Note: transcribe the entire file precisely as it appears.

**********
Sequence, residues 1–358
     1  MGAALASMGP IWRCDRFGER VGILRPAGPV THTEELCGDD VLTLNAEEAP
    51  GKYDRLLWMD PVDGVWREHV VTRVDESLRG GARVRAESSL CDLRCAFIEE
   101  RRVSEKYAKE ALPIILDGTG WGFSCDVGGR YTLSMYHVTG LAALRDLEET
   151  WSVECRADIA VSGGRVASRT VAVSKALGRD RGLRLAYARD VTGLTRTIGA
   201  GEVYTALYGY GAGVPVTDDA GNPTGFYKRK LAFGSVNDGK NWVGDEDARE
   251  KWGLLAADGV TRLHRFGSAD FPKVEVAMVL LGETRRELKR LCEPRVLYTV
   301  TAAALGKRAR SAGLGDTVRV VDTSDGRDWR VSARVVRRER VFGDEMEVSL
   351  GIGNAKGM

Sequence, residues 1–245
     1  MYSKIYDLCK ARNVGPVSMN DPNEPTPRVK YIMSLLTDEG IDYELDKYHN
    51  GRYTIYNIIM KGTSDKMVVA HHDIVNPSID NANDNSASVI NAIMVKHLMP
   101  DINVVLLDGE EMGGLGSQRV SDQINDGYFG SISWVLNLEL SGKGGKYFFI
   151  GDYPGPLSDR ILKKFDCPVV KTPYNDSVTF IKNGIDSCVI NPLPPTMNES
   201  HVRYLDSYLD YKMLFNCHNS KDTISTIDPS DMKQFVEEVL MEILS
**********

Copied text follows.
Sequence, residues 1–358
     1  MGAALASMGP IWRCDRFGER VGILRPAGPV THTEELCGDD VLTLNAEEAP
    51  GKYDRLLWMD PVDGVWREHV VTRVDESLRG GARVRAESSL CDLRCAFIEE
   101  RRVSEKYAKE ALPIILDGTG WGFSCDVGGR YTLSMYHVTG LAALRDLEET
   151  WSVECRADIA VSGGRVASRT VAVSKALGRD RGLRLAYARD VTGLTRTIGA
   201  GEVYTALYGY GAGVPVTDDA GNPTGFYKRK LAFGSVNDGK NWVGDEDARE
   251  KWGLLAADGV TRLHRFGSAD FPKVEVAMVL LGETRRELKR LCEPRVLYTV
   301  TAAALGKRAR SAGLGDTVRV VDTSDGRDWR VSARVVRRER VFGDEMEVSL
   351  GIGNAKGM

Sequence, residues 1–245
     1  MYSKIYDLCK ARNVGPVSMN DPNEPTPRVK YIMSLLTDEG IDYELDKYHN
    51  GRYTIYNIIM KGTSDKMVVA HHDIVNPSID NANDNSASVI NAIMVKHLMP
   101  DINVVLLDGE EMGGLGSQRV SDQINDGYFG SISWVLNLEL SGKGGKYFFI
   151  GDYPGPLSDR ILKKFDCPVV KTPYNDSVTF IKNGIDSCVI NPLPPTMNES
   201  HVRYLDSYLD YKMLFNCHNS KDTISTIDPS DMKQFVEEVL MEILS